The world of web design is always changing. If you don’t keep up with the latest design trends and technologies, you’ll quickly find yourself producing sites that look dated or don’t work well with the latest browsers.
10 New Web Design Skills You Can Learn in July 2017
But there’s a positive side to it, too. Many of the changes are exciting and can help you produce effects that will wow your clients and site visitors. Here’s a roundup of 10 new web design skills you can pick up from this month’s tutorials and courses on ThemeKeeper Tuts+.
Take our short quiz at the end to see what you should learn!
OK, it’s true that Facebook’s “Instant Articles” feature has been controversial, and you may not love the idea of having your content living on Facebook’s platform instead of your own. But the advantage is that readers get to access your articles at a lightning-fast speed, and your content fits in seamlessly with the Facebook app, making for a great user experience. And whereas at first it was only for large publishers, now it’s available for all of us. Get a step-by-step guide to publishing Instant Articles in this tutorial.
Just when Adobe seemed to have the vector design market locked down, along came Affinity Designer a couple of years ago, winning a whole host of new admirers among web designers and graphic designers. If you haven’t tried it yet, this course is a perfect way to find out what all the fuss is about. You’ll learn Affinity Designer from the ground up—and the course was recently updated to cover new features like artboards, constraints, symbols, and some powerful new typography tools.
Keeping your skills current is not just about learning new technologies. It’s also about important concepts like accessibility. Making your sites accessible to as many people as possible is not just the right thing to do; it also makes business sense. You work hard to attract visitors, so why turn some of them away because you’ve failed to make the simple changes that would allow them to view your site? I like this quick tutorial because it shows you how to create a style guide for accessibility, while also introducing you to some important accessibility concepts and techniques along the way.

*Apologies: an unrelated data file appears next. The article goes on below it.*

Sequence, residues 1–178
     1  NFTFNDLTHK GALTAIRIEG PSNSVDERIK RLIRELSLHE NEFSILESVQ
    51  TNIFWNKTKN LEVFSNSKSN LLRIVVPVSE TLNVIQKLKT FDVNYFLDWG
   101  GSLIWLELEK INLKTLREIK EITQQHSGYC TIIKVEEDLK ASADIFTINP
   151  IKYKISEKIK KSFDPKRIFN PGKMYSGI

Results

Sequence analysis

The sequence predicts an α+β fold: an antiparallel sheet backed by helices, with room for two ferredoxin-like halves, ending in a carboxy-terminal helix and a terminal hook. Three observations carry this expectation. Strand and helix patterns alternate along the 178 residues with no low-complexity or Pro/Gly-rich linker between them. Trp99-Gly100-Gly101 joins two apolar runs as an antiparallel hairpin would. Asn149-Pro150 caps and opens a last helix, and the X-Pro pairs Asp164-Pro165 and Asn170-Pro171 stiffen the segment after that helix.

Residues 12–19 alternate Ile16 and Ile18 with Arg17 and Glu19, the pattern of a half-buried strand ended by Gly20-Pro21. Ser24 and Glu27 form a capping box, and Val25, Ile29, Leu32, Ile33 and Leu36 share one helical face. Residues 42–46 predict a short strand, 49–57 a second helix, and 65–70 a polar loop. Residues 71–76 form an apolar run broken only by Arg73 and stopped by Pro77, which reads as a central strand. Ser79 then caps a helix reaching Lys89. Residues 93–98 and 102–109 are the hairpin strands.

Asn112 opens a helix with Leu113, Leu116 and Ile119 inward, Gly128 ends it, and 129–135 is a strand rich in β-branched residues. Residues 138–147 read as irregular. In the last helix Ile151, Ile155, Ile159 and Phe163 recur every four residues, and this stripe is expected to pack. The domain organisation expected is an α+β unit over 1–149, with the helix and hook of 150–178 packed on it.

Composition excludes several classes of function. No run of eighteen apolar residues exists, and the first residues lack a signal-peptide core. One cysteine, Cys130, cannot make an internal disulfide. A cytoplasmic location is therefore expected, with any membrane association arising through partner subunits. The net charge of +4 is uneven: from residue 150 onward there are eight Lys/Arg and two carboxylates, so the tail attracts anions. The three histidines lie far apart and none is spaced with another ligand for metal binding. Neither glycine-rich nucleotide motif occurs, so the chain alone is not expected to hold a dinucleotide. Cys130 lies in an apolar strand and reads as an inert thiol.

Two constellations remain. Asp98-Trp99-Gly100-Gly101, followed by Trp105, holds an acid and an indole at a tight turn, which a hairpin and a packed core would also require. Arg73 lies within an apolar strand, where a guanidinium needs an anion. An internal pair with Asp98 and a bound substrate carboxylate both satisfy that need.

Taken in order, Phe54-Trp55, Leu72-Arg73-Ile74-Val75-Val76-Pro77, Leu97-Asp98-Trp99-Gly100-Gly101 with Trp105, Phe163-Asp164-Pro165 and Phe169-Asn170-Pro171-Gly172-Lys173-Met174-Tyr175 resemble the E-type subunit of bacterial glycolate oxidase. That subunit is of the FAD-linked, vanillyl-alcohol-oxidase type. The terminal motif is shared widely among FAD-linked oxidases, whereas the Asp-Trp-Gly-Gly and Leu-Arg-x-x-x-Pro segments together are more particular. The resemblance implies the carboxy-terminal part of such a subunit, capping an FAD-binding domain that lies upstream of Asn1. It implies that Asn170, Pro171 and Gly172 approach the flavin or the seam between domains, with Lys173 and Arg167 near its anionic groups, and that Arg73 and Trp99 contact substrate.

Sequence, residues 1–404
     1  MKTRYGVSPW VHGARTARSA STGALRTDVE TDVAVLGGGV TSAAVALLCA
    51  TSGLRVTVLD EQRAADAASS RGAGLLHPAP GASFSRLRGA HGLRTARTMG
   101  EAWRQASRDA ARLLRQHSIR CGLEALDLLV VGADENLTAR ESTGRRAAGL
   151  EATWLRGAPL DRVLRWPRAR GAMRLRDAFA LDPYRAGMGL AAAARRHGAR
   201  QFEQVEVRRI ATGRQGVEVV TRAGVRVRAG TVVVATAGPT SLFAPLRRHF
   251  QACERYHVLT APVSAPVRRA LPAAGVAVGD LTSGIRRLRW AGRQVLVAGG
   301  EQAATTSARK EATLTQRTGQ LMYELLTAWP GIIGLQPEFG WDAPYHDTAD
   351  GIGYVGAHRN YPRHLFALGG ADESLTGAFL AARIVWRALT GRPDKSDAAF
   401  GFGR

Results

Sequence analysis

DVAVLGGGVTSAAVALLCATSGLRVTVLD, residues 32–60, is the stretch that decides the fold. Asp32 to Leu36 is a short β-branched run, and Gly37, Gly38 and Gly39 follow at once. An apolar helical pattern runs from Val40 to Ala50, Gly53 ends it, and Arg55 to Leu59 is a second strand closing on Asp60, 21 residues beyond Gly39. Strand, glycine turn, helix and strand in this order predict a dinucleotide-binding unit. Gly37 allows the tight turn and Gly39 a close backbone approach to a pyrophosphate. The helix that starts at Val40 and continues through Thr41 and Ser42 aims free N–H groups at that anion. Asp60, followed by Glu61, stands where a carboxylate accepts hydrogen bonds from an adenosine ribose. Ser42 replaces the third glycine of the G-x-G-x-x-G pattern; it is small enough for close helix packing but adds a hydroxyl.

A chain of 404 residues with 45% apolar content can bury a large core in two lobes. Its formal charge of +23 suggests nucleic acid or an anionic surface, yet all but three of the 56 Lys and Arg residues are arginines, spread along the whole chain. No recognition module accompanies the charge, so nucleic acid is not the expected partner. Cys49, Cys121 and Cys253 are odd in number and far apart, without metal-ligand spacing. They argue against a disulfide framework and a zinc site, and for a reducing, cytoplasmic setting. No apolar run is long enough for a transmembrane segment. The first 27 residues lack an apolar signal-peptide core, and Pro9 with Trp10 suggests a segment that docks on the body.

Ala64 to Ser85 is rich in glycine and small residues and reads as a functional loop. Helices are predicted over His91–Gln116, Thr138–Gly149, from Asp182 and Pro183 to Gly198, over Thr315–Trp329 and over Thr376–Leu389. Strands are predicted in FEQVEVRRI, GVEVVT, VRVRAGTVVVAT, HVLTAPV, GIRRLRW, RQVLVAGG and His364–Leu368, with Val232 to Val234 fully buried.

Logo design is one of those things that may well be handled by a specialist graphic designer, but it’s always a useful skill for a web designer to possess. You’ll also get a useful rundown of the major tools, panels and features in Adobe Illustrator, which will be useful for other design tasks beyond logos.
It’s good to learn new skills, but it’s even better to build something useful. This screencast ticks both of those boxes. Take a look at the demo—a neat little tool that lets you select a starting color and have a tasteful color scheme generated for you. You’ll learn how to create that yourself, using the Chroma.js library.
Flexbox is a relatively new layout mode in CSS3, and as the name suggests, it can give you some wonderful flexibility in your page layouts. This popular course lets you get your hands dirty by tackling six projects designed to help you learn Flexbox thoroughly. And now it’s been updated with two more bonus projects on modals and sliders, so it’s an even better way of getting up to speed.
No matter how well you know the ins and outs of CSS, the reality of working as a web designer is that you’ll have to deal with other human beings at some point, and that’s when things can get so complicated that you end up yearning for the comfort of your code editor. This tutorial looks at some useful ways to get the content of a website prioritized among multiple members of a team with the least fuss.
Yes, I know. Forms are not the most exciting topic in the world, are they? But the attraction of this tutorial is not the forms, but the way you create them—using the CSS Grid Layout Module, another quite recent addition to the web designer’s arsenal. It shows you how to create a form the “traditional” way, using floats, and then how to achieve the same end result using CSS Grid.
With so much new stuff to learn, sometimes it’s valuable to go back to basics and make sure you’ve still got a solid grasp of the essentials. Or maybe you’re just getting started and want to avoid some of the most common mistakes. Either way, these 10 simple design pointers from Tuts+ Web Design Editor Ian Yates will help you make sure you’re on the right track.
What Should You Learn This Month?
Still can’t decide? Take this short quiz to get a recommendation of what you should learn this month.
What Should You Learn This Month?